While the Pioneer Valley has many competitive strengths, including top-ranked programs in food science and advanced materials at UMass Amherst, the report indicates substantial investment is needed to increase research and development in the region, partner with existing businesses, commercialize new technologies, accommodate industrial growth with limited land available for development, and prepare the workforce to build the products of the future.

“This research illuminates promising opportunities unique to the Pioneer Valley as we develop low-carbon technologies,” said Jay Ash, president and CEO of the Massachusetts Competitive Partnership. “We must work together to help the region tap these opportunities to generate strong and equitable growth.”

Ben Forman, MassINC research director and co-author of the study, is eager to see the state act with urgency in this moment. “As a commonwealth, we have overlooked the Pioneer Valley for decades, jeopardizing its economic base,” he said. “It’s time to recognize and build on the region’s considerable economic assets.”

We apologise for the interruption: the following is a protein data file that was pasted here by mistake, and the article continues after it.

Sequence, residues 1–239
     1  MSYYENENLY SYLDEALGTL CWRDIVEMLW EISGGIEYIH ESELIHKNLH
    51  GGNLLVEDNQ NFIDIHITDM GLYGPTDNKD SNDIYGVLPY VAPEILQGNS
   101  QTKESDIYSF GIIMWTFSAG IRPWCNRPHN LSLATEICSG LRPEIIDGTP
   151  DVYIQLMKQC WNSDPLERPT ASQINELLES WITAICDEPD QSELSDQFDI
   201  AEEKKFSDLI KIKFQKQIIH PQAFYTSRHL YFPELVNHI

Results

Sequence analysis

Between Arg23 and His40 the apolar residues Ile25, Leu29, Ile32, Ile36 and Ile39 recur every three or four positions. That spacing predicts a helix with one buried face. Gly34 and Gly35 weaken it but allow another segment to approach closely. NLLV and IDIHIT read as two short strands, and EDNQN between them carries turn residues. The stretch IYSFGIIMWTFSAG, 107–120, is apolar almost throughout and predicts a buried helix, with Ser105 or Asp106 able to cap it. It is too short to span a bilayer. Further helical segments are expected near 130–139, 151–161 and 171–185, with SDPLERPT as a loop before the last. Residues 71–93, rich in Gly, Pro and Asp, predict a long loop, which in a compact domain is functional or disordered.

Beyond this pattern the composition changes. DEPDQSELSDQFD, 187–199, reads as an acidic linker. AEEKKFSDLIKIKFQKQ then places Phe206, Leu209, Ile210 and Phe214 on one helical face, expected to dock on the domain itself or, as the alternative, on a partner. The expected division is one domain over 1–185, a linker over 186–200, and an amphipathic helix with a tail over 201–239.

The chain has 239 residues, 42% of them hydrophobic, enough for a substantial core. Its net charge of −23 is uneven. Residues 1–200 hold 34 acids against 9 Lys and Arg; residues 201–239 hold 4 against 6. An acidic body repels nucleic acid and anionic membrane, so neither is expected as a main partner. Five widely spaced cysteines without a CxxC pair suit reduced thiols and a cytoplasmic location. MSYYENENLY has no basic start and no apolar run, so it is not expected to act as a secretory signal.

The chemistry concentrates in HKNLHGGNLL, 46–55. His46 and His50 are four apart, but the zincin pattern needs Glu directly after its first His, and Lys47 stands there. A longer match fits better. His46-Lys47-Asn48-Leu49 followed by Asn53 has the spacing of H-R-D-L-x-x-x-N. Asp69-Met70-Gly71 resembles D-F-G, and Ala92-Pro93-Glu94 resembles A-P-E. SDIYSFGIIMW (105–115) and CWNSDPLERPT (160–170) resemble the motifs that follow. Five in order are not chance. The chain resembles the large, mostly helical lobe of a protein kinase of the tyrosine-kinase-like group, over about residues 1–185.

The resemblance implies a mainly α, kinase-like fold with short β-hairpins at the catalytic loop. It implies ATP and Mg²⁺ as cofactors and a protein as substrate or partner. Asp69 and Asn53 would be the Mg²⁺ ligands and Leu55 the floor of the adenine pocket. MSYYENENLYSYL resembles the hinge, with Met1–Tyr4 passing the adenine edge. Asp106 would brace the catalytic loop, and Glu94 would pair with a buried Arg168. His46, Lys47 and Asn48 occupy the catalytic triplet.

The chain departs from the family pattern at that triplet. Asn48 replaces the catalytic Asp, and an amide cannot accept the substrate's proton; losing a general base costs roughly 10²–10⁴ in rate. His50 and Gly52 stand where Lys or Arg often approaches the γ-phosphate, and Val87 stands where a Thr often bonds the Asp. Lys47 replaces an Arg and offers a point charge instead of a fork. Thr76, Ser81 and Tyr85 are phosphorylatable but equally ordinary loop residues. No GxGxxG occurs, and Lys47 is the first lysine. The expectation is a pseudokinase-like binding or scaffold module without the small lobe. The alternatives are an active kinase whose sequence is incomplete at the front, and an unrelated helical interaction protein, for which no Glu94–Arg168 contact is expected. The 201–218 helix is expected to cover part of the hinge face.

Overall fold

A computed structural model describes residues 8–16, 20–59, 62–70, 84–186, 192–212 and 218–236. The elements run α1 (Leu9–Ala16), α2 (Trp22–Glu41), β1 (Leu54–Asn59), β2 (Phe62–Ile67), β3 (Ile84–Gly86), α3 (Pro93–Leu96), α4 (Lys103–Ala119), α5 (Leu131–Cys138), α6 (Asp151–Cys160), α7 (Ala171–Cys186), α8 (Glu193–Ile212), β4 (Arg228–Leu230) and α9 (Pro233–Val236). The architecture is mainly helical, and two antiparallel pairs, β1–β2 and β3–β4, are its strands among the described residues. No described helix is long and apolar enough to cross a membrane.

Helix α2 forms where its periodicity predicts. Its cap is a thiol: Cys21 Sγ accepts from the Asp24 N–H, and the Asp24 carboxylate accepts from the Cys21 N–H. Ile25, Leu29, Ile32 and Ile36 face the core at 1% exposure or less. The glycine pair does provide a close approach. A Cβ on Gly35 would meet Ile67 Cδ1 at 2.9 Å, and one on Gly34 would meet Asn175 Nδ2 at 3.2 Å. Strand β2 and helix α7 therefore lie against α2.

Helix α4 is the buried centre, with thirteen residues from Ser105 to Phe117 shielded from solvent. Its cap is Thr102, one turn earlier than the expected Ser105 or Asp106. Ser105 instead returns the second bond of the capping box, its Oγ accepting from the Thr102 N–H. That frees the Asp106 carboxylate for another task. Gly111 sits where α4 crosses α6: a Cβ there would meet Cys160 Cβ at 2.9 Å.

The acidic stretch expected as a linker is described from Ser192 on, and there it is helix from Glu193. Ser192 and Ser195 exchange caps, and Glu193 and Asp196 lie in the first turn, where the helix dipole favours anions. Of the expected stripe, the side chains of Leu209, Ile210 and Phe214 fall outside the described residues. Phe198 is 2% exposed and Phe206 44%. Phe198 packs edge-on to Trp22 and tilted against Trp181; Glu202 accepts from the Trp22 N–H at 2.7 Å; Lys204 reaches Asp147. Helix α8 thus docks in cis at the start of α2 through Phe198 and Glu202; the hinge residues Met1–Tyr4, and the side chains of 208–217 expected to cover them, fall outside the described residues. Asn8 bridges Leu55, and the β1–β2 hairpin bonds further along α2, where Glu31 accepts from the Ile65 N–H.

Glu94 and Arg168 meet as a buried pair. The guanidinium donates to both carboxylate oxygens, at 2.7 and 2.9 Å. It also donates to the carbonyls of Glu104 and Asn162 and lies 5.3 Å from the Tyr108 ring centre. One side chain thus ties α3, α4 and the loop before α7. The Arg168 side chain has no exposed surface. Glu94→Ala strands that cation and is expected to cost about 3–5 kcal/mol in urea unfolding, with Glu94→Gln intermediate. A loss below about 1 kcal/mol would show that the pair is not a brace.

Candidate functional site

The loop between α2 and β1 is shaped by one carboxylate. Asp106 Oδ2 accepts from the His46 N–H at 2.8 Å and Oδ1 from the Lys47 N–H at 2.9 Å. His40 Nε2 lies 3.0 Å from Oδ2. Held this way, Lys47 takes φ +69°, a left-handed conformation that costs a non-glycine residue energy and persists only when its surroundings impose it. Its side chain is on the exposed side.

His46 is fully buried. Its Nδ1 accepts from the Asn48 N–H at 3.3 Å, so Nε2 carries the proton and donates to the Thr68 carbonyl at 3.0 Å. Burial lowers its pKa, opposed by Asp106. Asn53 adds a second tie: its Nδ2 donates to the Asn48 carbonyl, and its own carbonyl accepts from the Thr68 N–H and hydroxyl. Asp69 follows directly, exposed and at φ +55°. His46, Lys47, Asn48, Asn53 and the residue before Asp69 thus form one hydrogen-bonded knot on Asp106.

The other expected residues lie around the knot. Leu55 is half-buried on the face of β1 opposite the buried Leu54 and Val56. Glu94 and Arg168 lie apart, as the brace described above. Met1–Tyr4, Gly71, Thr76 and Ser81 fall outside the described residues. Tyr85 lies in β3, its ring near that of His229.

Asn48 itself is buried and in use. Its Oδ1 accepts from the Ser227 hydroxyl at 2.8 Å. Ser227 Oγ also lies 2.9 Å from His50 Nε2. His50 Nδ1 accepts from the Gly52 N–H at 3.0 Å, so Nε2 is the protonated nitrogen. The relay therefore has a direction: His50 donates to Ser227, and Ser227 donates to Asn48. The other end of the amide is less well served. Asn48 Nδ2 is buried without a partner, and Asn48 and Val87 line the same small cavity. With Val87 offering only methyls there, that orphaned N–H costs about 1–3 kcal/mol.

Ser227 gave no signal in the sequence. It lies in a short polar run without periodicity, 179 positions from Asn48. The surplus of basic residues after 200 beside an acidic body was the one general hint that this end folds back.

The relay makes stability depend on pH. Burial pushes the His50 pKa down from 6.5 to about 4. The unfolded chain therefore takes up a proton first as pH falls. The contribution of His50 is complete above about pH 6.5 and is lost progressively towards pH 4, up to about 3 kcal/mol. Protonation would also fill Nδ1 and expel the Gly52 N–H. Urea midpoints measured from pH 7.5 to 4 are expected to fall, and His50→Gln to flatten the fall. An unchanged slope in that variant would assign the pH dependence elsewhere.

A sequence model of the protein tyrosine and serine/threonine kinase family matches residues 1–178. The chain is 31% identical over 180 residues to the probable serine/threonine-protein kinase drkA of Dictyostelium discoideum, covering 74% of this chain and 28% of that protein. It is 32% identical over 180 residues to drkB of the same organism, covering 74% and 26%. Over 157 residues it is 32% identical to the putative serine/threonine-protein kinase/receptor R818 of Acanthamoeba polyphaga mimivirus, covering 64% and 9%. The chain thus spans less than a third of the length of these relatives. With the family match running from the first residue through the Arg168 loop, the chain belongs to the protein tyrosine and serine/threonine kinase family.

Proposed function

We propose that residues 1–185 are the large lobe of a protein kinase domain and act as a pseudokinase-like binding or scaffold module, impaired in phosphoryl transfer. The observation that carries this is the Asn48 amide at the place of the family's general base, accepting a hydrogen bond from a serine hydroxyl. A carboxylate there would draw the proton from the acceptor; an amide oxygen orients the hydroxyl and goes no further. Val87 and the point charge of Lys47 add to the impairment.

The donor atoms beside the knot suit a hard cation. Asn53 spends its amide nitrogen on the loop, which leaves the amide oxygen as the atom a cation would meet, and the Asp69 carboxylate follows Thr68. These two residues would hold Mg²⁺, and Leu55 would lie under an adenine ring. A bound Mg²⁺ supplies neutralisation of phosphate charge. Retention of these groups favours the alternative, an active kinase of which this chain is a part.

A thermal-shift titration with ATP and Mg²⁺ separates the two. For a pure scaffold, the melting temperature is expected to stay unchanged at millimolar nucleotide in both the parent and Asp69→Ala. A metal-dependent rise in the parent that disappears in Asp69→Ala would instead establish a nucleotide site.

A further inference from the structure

Daily News

BOSTON — Joe Kriesberg has been named the next president and CEO of MassINC, a non-partisan think tank dedicated to making Massachusetts a place of civic vitality and inclusive economic opportunity.

Kriesberg will oversee all strategic planning, fundraising, and operations for the organization’s work across multiple disciplines, including research and civic programs, and will serve as publisher of CommonWealth, MassINC’s civic news outlet. The organization also includes the MassINC Polling Group, a for-profit subsidiary of MassINC.

Kriesberg will join MassINC after nearly 30 years at the Massachusetts Assoc. of Community Development Corporations (MACDC), an organization which he has led as president and CEO for the past 20 years. MACDC is the policy and capacity-building arm of the community-development movement in Massachusetts, with 100 nonprofit member organizations across the state. As President, Kriesberg was responsible for the overall management of the agency, including financial management and fundraising, program development and implementation, policy advocacy, staff supervision, board management, and strategic planning.

In his role leading MACDC, Kriesberg has been a strong advocate for vibrant communities and has advanced issues such as economic opportunity, affordable housing, and innovative development, all of which align with MassINC’s dedication to civic vitality and economic inclusion.